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What is Hysteroscopy and Why Is It Done?

Hysteroscopy is used to diagnose and treat problems of the uterus. A hysteroscope is a long, thin, lighted device which is inserted into your uterus through your vagina. It projects an image on a screen and lets the physician see your uterus. Diagnostic hysteroscopic procedures have a very low complication rates, so are safe procedures with which to evaluate intrauterine pathology. Incidences of complications: intrauterine adhesiolysis 4.48%, endometrium resection 0.81%, myomectomy 0.75%, and removal of a polyp 0.38%.

Hysteroscopy and IVF

Unsuccessful IVF attempts usually are due to factors in the embryo, such as genetic problems, or issues with the woman’s uterus. Hysteroscopy is generally performed on women who have failed IVF cycles, to look for uterine growths or scar tissue and remove them or for any abnormality when detected on USG/HSG. Some clinics routinely perform the procedure on every woman before beginning IVF treatment, believing that removing polyps or scar tissue before starting IVF gave the treatment a better chance to succeed.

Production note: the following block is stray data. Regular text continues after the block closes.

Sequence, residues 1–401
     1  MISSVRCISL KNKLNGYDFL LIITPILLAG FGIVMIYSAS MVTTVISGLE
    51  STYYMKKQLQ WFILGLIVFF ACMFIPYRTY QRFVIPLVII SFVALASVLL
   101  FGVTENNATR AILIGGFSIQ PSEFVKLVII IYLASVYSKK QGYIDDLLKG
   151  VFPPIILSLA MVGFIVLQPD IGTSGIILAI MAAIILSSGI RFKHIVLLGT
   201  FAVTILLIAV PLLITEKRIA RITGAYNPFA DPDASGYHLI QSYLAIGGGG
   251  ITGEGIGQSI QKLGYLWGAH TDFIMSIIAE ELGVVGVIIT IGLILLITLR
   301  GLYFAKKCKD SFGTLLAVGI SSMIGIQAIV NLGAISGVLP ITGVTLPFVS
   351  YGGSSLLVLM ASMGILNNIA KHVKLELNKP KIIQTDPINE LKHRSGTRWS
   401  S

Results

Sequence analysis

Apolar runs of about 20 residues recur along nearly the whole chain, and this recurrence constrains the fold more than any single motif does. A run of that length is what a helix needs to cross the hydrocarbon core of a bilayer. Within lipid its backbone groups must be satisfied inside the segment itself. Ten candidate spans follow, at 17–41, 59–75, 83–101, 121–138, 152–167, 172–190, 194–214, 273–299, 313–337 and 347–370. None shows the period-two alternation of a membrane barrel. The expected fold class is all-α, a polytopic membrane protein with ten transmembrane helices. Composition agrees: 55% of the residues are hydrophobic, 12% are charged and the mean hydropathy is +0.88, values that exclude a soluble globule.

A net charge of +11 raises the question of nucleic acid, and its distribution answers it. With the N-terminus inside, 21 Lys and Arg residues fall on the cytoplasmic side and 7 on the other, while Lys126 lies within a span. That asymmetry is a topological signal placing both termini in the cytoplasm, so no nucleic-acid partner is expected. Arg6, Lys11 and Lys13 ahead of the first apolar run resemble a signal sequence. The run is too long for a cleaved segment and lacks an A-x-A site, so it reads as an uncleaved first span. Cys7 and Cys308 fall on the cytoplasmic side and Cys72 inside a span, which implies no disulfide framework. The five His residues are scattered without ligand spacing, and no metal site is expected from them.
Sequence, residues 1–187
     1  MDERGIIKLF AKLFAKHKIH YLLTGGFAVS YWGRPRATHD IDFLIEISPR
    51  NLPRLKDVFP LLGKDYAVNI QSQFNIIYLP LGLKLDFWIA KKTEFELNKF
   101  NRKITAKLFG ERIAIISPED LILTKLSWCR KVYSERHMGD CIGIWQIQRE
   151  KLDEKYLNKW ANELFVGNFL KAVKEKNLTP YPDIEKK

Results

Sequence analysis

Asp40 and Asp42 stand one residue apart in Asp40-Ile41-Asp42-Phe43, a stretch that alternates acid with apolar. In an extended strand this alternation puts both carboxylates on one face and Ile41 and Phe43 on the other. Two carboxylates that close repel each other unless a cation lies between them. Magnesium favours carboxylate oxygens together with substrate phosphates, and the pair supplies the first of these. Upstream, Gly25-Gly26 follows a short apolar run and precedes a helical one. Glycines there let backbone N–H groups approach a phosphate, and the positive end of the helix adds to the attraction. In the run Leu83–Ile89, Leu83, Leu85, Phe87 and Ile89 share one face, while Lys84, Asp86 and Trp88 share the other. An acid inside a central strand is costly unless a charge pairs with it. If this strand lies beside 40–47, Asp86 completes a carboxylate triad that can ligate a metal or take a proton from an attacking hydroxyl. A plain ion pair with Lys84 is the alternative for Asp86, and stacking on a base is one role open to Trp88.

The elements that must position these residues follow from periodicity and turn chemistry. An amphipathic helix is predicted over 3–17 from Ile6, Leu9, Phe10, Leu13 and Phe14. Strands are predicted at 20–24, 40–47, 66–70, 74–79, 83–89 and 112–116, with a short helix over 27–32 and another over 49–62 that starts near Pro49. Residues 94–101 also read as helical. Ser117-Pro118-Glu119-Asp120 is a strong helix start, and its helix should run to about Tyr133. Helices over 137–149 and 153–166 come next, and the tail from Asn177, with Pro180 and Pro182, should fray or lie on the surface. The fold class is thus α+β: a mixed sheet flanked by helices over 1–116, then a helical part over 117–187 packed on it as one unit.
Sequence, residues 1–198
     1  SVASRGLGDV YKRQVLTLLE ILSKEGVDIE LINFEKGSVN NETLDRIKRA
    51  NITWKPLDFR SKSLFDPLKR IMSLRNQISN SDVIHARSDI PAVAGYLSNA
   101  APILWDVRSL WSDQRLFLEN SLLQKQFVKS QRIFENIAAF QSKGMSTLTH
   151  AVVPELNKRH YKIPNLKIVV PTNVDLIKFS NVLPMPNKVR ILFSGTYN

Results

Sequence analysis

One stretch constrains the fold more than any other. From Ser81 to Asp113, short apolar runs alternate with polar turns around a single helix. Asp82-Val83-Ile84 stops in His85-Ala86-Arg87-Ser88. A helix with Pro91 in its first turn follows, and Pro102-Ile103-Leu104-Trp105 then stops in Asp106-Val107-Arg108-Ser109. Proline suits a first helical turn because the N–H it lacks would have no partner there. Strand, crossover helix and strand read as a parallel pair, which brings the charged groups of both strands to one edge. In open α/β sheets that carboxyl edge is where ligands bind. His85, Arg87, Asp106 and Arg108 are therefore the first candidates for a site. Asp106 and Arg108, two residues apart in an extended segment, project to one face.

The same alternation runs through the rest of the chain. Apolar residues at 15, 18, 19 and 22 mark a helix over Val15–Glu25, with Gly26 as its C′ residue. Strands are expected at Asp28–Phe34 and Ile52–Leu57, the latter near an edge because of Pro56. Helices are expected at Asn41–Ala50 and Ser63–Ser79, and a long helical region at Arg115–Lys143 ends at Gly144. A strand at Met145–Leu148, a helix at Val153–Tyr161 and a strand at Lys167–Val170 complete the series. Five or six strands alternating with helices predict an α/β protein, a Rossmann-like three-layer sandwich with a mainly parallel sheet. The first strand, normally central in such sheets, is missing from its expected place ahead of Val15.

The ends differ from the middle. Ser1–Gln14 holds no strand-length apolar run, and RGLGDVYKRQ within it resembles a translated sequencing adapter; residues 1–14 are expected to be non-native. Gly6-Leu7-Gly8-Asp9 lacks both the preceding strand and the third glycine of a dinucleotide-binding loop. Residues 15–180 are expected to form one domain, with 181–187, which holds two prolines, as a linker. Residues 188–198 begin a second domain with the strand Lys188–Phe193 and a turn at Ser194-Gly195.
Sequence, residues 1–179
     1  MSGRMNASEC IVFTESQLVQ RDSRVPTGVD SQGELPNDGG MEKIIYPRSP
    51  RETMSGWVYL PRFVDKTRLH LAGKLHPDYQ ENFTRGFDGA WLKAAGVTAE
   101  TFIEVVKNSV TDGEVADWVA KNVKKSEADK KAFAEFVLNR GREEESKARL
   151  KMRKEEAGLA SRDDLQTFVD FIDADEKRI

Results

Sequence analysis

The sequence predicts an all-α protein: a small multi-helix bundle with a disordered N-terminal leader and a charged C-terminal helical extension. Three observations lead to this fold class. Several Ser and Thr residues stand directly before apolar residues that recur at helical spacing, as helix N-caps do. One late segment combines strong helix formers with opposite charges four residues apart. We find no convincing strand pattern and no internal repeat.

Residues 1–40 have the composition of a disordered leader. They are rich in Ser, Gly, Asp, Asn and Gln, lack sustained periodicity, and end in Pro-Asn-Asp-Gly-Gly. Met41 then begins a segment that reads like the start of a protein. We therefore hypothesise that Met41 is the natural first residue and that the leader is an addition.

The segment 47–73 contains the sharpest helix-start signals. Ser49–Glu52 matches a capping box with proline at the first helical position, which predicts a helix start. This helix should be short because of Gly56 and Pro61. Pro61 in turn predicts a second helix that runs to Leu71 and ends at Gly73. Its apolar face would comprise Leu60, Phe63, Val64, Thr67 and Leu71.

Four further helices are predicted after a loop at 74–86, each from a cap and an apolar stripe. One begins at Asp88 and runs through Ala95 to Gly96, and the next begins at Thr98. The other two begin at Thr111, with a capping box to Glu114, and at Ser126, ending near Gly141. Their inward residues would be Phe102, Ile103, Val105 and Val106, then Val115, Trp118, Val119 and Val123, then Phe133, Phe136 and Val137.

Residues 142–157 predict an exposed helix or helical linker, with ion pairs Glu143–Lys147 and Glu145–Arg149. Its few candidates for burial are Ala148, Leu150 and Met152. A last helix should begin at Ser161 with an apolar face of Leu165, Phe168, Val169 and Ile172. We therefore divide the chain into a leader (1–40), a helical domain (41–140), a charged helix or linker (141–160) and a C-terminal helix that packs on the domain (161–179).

However, a large randomized study has found no significant difference in IVF success rates between those who had hysteroscopy before IVF and those who did not. While there is no consensus of opinion or practice yet among reproductive endocrinologists, most agree that a preliminary non-invasive test such as 3D-USG should be performed first. If an abnormality is identified, then hysteroscopy is indicated. If it is normal, then hysteroscopy is probably not necessary.